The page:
The Herbal Approach to Cold and Flu Season

As the seasons change and cold weather approaches, we enter one of the most challenging times of year for our bodies and immune systems: Cold and flu season. This time of year, it seems like everyone around us is falling victim to runny noses, coughs, fevers, and any number of other symptoms being passed around. Fortunately, however, there is plenty we can do to protect ourselves from succumbing to the onslaught of bacteria and viruses that run rampant during the fall and winter.

The diet, lifestyle, and nutritional supplements are part of a concept known as “partnering” with the herbs.

Building our immune fortress can be broken down into four integral factions that all determine our resilience: Diet, Lifestyle, Nutritional Supplements, and Herbs. The diet, lifestyle, and nutritional supplements are part of a concept known as “partnering” with the herbs; they greatly enhance herbal medicine’s effectiveness to support our wellness than the herbs alone. Each one of these pieces is just as important as the other; one can take as much echinacea as they want, but if they are not getting enough sleep and eating a poor diet, that echinacea won’t do nearly as much good as it would if they partnering with the herbs by getting at least seven hours of sleep and eating nutrient-dense foods. There are many useful strategies for how we can effectively partner with our herbal medicines and stay as healthy as possible during this immune-challenging season.


One dietary approach to staying well during this time of year is to eat seasonally. Foods that appear during the fall and winter months, such as squash and sweet potato, contain rich antioxidants and other nutrients that keep our immune system happy and healthy. Additionally, eating cooked foods helps keep the body strong because they take less energy to break down and digest, and therefore offer us more protection against what in Chinese medicine are known as the “external pernicious forces” of the winter, such as cold and wind (or in our case, pathogens). Raw foods, such as salads, which historically were unavailable this time, are energetically colder and don’t supply our bodies with the deep nutrition we need to stay healthy this time of year.

Eating cooked foods helps to keep the body strong because they take less energy to break down and digest.

Some excellent nourishing and building foods for this time of year are whole grains such as quinoa, wild rice, steel cut oats and amaranth, legumes, squashes, sweet potatoes, free range animal protein, and eggs. Routinely making your own vegetable, chicken, or bone broth to use as a base for soups, stews and immune-enhancing broths is an excellent dietary support for cold weather health.

The most important dietary recommendation to keep your immune system strong, however, is to eliminate all refined sugar from your diet. This may seem difficult to imagine, however this one dietary step will have the most profound impact on keeping your immune system intact. Sugar is a highly inflammatory substance in the body that will weaken your immune system and make you more susceptible to pathogens such as the flu virus. Eating too much sugar also depletes your body of several key vitamins and minerals, including B vitamins, leaving your nervous system depleted and you feeling fatigued, depressed, and more susceptible to pathogenic attack. In Ayurvedic medicine, sugar is considered to be Kapha-building – meaning it will promote not just the appearance of excess weight, but the formation of mucus in the respiratory tract and digestive system as well. Great substitutions for sugar are stevia, maple syrup, coconut sugar, or local honey (honey even has its own immune-boosting benefits as well).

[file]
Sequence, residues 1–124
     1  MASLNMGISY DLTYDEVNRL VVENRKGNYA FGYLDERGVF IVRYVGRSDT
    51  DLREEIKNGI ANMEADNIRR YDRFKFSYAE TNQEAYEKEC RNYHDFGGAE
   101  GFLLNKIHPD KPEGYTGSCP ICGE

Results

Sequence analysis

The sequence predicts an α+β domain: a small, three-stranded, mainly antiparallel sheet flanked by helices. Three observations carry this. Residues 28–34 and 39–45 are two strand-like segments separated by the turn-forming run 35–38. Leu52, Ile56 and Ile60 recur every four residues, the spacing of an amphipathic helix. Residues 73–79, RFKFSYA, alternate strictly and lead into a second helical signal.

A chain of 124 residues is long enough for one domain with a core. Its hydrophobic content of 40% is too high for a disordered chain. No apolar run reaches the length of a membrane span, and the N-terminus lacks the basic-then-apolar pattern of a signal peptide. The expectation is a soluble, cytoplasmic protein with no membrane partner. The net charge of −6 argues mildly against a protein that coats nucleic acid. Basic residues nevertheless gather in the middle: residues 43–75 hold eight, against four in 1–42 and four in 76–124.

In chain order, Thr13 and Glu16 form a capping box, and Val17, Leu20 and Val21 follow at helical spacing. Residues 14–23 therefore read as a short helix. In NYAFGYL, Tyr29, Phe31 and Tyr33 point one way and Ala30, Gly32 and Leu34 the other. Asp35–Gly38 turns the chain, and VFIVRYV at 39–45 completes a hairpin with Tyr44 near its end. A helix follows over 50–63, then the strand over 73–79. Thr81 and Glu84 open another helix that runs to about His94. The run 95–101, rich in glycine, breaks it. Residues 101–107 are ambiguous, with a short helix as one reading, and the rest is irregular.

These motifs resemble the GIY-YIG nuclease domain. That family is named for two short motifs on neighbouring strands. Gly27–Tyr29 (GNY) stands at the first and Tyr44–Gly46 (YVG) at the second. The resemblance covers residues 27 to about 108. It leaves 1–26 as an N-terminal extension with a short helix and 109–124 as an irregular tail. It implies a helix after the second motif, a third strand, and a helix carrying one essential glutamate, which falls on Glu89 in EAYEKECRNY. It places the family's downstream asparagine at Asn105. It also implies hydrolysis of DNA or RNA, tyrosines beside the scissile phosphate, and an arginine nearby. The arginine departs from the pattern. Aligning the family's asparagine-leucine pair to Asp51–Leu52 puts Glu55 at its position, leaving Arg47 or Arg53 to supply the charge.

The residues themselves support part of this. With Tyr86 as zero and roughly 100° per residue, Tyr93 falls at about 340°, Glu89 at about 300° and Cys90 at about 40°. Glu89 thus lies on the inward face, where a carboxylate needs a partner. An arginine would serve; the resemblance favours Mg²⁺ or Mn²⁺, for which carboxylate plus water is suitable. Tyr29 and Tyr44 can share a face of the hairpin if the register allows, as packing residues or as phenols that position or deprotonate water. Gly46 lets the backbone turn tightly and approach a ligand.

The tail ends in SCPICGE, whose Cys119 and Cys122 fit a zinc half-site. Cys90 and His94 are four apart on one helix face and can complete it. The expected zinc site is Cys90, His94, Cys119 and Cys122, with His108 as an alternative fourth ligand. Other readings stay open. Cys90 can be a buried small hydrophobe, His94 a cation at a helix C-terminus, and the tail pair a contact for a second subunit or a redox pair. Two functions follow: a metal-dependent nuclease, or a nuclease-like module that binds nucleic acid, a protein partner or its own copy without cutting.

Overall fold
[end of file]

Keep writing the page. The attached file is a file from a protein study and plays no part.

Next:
It’s easy to feel the pace of life starting to slow down as the cold season approaches. In Chinese medicine, winter is a metaphor for stillness and reflection, prompting a period of less energy expenditure and more time for rest and healing. Just like the animals that hibernate during the winter, we are not meant to push ourselves with the same energy and vibrancy as during the spring and summer months.

As much as humans are mentally living in a modern world, our bodies are still profoundly primordial; we are genetically programmed to slow down, conserve resources and slow our metabolic rate during the cold months. If we try to push ourselves too much during this time, it’s as if we are asking our bodies to write an energy check we don’t have the bank account to support. This over-expenditure of energy can then lead to depletion, exhaustion, and enhanced susceptibility to illness.

Living in a state of chronic stress results in an increased release of cortisol, a steroid hormone with known immunosuppressant effects.

This does not mean that we have to become sedentary during the winter, but we do benefit from sleeping more—following the patterns of the sun, with longer nights and shorter days—and changing our exercise routines from high-intensity to more restorative.